In-N-Out is a popular fast food chain known for its burgers, fries, and milkshakes. For those avoiding gluten, a common question is whether In-N-Out’s french fries contain gluten or not.
In-N-Out states that their french fries are not prepared with any wheat or gluten-containing ingredients. However, there is a risk of cross-contamination during processing and cooking. So while the fries themselves are gluten-free, In-N-Out does not recommend them for customers with celiac disease or gluten sensitivity.
Ingredients in In-N-Out Fries
According to the In-N-Out website, their french fries only contain the following ingredients:
- Vegetable oil (contains one or more of the following: canola oil, sunflower oil, corn oil)
- Natural beef flavor [wheat and milk derivatives]*
So the fries themselves do not contain any gluten-containing grains like wheat, barley, or rye. The only questionable ingredient is the “natural beef flavor” which contains milk and wheat derivatives. However, according to the FDA, derivatives of wheat are not considered gluten-containing.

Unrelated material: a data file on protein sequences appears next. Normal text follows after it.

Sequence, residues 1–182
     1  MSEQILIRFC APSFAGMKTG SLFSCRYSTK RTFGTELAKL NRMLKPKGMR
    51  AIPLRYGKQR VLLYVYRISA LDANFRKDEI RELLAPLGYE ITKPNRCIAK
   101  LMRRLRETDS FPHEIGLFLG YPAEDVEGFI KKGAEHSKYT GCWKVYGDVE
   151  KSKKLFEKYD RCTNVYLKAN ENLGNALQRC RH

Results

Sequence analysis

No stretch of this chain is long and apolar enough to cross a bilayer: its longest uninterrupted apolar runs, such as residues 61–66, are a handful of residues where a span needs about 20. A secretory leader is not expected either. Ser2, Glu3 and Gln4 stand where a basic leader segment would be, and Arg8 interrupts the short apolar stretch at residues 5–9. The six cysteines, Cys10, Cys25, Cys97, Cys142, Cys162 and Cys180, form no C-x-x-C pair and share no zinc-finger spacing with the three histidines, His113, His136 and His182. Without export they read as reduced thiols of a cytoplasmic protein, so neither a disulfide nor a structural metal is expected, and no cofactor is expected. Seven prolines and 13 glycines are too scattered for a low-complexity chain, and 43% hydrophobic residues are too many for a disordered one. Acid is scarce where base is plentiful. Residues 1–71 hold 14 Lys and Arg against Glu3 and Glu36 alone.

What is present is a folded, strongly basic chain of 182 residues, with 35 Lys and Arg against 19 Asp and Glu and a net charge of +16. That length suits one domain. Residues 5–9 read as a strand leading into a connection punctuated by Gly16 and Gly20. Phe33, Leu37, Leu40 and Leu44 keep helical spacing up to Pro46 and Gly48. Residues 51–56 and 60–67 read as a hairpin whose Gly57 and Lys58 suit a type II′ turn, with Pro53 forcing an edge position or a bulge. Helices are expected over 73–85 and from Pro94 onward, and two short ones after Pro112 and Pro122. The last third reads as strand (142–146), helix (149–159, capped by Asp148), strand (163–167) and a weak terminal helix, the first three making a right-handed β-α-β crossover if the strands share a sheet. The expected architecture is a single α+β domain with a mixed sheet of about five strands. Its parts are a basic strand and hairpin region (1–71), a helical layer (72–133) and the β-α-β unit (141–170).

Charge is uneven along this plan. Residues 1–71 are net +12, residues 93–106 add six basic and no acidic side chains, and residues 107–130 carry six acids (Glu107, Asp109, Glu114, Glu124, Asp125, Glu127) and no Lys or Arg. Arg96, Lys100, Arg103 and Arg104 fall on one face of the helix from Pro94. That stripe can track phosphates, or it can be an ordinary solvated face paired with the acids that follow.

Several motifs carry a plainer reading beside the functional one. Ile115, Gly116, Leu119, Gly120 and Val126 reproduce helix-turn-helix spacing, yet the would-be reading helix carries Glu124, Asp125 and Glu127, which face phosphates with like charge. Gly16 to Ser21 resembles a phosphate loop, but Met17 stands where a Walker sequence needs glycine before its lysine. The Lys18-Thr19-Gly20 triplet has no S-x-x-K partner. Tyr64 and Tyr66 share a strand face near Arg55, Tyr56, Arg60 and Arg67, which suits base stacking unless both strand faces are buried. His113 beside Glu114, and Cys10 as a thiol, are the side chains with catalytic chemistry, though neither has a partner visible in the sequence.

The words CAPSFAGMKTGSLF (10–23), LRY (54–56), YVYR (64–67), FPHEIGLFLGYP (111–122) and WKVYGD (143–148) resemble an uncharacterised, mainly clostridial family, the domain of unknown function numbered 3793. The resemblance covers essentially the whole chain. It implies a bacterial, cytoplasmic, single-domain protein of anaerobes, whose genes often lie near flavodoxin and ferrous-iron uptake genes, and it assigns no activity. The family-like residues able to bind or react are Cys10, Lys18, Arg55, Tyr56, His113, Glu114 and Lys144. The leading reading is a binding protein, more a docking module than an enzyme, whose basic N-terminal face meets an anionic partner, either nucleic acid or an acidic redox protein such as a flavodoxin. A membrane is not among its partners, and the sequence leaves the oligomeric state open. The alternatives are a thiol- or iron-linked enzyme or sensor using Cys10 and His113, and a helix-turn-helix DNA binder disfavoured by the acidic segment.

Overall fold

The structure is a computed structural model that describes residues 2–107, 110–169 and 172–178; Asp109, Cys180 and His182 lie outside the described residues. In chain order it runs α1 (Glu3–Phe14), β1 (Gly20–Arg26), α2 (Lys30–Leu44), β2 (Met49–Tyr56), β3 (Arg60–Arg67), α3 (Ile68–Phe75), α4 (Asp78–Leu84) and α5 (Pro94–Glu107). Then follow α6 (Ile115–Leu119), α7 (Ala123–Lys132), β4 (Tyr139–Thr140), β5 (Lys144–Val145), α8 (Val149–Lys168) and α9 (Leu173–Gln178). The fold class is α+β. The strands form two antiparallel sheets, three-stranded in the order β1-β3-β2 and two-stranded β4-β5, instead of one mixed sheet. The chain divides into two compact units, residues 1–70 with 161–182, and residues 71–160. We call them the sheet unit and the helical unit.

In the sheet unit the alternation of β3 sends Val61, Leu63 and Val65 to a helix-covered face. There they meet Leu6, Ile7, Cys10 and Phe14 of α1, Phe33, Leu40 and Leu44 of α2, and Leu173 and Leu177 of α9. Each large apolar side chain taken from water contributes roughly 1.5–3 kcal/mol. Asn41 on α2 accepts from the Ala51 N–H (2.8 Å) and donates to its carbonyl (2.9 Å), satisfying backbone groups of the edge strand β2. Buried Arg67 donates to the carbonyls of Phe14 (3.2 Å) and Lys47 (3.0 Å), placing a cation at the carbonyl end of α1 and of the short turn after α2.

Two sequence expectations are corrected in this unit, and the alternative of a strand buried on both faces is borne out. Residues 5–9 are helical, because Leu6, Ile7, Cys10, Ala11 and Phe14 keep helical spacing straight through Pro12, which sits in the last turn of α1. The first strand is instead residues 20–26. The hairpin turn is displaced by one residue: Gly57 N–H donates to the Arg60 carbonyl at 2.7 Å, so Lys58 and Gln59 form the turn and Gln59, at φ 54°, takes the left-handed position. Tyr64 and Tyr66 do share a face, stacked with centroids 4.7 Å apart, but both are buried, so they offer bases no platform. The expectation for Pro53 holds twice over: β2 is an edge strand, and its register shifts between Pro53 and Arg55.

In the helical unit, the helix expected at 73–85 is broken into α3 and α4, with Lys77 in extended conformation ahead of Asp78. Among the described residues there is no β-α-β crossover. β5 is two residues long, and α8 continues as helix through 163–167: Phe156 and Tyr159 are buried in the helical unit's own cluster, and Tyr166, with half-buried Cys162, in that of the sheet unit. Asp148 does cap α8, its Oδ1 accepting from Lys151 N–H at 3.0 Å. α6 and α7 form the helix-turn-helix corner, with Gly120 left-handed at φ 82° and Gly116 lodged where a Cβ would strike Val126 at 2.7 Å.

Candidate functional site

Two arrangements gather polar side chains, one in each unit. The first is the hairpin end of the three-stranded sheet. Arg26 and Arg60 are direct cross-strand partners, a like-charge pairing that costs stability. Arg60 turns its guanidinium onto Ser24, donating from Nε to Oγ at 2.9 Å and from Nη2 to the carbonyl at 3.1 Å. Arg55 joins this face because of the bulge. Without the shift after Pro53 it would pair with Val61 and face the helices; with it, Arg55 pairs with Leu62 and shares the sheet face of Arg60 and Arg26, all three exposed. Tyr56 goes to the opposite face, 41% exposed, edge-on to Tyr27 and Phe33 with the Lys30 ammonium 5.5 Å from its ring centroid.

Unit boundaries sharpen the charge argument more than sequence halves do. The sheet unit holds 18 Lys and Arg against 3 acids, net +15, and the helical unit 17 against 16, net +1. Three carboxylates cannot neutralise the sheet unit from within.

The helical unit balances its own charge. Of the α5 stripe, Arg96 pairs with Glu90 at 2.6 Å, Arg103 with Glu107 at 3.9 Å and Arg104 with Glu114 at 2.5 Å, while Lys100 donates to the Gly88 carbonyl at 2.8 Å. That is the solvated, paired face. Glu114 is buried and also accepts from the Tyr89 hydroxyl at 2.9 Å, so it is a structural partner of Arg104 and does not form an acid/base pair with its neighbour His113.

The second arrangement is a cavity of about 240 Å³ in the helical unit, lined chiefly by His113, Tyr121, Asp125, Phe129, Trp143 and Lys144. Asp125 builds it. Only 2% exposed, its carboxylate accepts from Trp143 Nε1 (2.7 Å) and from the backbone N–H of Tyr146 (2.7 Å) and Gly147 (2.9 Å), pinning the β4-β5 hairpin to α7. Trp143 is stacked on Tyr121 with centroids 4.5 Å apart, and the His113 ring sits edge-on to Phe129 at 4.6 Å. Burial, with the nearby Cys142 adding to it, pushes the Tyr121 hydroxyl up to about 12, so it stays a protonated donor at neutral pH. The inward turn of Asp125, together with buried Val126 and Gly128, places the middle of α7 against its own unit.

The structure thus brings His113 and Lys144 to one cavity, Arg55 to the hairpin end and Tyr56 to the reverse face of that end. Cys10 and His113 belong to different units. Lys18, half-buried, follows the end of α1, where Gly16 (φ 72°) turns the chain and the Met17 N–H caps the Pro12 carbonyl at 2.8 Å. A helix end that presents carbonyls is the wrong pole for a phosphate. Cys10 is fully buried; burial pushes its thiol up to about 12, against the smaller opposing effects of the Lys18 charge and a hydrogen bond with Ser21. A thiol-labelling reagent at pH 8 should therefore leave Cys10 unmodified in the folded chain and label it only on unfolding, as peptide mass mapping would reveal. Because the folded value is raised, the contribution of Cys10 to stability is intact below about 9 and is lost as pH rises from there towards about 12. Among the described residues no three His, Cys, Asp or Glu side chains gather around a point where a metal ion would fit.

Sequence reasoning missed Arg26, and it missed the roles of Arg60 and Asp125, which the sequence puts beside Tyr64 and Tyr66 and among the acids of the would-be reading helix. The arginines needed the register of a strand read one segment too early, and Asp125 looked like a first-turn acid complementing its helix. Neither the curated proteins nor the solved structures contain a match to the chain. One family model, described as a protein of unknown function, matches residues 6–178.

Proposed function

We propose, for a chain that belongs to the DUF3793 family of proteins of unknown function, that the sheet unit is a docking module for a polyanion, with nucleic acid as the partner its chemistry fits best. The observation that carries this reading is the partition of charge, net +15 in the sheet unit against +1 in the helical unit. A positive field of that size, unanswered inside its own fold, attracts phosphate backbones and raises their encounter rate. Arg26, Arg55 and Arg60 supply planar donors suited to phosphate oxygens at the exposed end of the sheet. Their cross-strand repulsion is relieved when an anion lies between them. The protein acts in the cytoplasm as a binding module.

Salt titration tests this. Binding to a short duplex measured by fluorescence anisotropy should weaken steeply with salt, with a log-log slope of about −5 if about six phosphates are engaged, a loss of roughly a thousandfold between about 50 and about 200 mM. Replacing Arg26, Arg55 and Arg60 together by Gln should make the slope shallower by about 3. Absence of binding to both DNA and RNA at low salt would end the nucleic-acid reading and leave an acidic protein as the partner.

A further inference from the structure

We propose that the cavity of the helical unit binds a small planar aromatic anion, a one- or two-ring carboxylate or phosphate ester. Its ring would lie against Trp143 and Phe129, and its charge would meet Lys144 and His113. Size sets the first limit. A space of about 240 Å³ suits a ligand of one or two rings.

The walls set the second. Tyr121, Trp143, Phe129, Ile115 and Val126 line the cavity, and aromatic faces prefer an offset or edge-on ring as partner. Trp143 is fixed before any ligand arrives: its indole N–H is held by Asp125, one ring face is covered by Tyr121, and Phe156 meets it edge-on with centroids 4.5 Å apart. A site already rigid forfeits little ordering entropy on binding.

What are wheat derivatives?
Wheat derivatives are ingredients derived from wheat that have been processed to remove the gluten protein. Common wheat derivatives include wheat starch, wheat bran, wheat germ, and wheat protein. During processing, the gluten protein is removed, leaving behind a gluten-free wheat derivative ingredient. As long as the derivative contains less than 20 parts per million of gluten, it can be labeled “gluten-free” according to FDA regulations.
Are wheat derivatives gluten-free?
Yes, wheat derivatives are considered gluten-free ingredients because they are extensively processed to remove gluten proteins. That means products with wheat derivative ingredients like In-N-Out’s natural beef flavor can still be labeled gluten-free, even though they contain wheat-derived ingredients. The natural beef flavor used in In-N-Out fries only contains trace amounts of gluten from the wheat derivatives, well below the FDA limit of less than 20 ppm.
Risk of Cross-Contamination
Even though In-N-Out fries don’t contain gluten-based ingredients, people with celiac disease or gluten sensitivity still need to use caution when eating them due to the risk of cross-contamination with other menu items containing gluten.